• Welcome to the Chronicle Forums.
    Please complete your profile. The forums and the rest of www.chronofhorse.com has single sign-in, so your log in information for one will automatically work for the other. Disclaimer: The opinions expressed here are the views of the individual and do not necessarily reflect the views and opinions of The Chronicle of the Horse.



Forum rules and no-advertising policy

As a participant on this forum, it is your responsibility to know and follow our rules. Please read this message in its entirety.

Board Rules

1. You’re responsible for what you say.
As outlined in Section 230 of the Communications Decency Act, The Chronicle of the Horse and its affiliates, as well Jelsoft Enterprises Ltd., the developers of vBulletin, are not legally responsible for statements made in the forums.

This is a public forum viewed by a wide spectrum of people, so please be mindful of what you say and who might be reading it—details of personal disputes are likely better handled privately. While posters are legally responsible for their statements, the moderators may in their discretion remove or edit posts that violate these rules. Users have the ability to modify or delete their own messages after posting, but administrators generally will not delete posts, threads or accounts upon request.

Outright inflammatory, vulgar, harassing, malicious or otherwise inappropriate statements and criminal charges unsubstantiated by a reputable news source or legal documentation will not be tolerated and will be dealt with at the discretion of the moderators.

2. Conversations in horse-related forums should be horse-related.
The forums are a wonderful source of information and support for members of the horse community. While it’s understandably tempting to share information or search for input on other topics upon which members might have a similar level of knowledge, members must maintain the focus on horses.

3. Keep conversations productive, on topic and civil.
Discussion and disagreement are inevitable and encouraged; personal insults, diatribes and sniping comments are unproductive and unacceptable. Whether a subject is light-hearted or serious, keep posts focused on the current topic and of general interest to other participants of that thread. Utilize the private message feature or personal email where appropriate to address side topics or personal issues not related to the topic at large.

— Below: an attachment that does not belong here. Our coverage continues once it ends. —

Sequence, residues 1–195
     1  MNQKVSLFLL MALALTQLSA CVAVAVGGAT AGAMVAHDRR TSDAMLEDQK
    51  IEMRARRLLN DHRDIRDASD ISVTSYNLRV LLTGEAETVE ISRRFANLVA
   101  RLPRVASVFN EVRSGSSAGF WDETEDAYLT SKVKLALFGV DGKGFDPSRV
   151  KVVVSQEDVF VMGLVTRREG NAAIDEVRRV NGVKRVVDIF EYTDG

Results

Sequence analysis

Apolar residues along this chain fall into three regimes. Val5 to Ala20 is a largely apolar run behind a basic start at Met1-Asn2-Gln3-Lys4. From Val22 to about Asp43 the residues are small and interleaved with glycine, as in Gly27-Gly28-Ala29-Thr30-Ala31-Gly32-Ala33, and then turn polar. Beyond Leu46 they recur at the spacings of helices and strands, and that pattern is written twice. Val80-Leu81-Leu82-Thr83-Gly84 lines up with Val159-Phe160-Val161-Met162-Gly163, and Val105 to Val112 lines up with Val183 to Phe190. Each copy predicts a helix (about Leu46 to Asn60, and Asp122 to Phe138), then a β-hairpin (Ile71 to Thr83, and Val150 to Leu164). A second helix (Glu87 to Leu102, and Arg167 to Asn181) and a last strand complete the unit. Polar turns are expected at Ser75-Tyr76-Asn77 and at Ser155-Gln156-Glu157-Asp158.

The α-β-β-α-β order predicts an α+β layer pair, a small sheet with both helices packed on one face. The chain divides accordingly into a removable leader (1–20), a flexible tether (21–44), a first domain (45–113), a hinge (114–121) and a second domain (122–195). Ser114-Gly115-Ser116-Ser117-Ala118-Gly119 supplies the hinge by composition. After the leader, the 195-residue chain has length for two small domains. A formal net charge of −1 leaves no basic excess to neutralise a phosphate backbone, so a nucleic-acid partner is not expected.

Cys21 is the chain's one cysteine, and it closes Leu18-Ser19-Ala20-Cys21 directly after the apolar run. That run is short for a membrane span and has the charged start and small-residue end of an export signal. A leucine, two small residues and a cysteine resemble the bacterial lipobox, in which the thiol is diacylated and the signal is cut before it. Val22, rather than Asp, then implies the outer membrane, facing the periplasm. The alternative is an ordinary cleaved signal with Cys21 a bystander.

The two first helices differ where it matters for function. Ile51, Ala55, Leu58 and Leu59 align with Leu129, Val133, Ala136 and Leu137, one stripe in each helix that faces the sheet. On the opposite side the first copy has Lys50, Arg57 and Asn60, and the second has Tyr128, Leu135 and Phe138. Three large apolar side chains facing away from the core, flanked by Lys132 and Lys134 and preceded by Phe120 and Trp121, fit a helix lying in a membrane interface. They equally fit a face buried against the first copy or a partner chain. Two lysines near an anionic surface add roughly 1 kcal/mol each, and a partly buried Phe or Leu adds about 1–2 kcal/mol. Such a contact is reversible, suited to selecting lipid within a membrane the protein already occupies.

4. No advertising in the discussion forums.
Posts in the discussion forums directly or indirectly advertising horses, jobs, items or services for sale or wanted will be removed at the discretion of the moderators. Use of the private messaging feature or email addresses obtained through users’ profiles for unsolicited advertising is not permitted.

Company representatives may participate in discussions and answer questions about their products or services, or suggest their products on recent threads if they fulfill the criteria of a query. False "testimonials" provided by company affiliates posing as general consumers are not appropriate, and self-promotion of sales, ad campaigns, etc. through the discussion forums is not allowed.

Paid advertising is available on our classifieds site and through the purchase of banner ads. The tightly monitored Giveaways forum permits free listings of genuinely free horses and items available or wanted (on a limited basis). Items offered for trade are not allowed.

Advertising Policy Specifics
When in doubt of whether something you want to post constitutes advertising, please contact a moderator privately in advance for further clarification. Refer to the following points for general guidelines:

Horses – Only general discussion about the buying, leasing, selling and pricing of horses is permitted. If the post contains, or links to, the type of specific information typically found in a sales or wanted ad, and it’s related to a horse for sale, regardless of who’s selling it, it doesn’t belong in the discussion forums.

Stallions – Board members may ask for suggestions on breeding stallion recommendations. Stallion owners may reply to such queries by suggesting their own stallions, only if their horse fits the specific criteria of the original poster. Excessive promotion of a stallion by its owner or related parties is not permitted and will be addressed at the discretion of the moderators.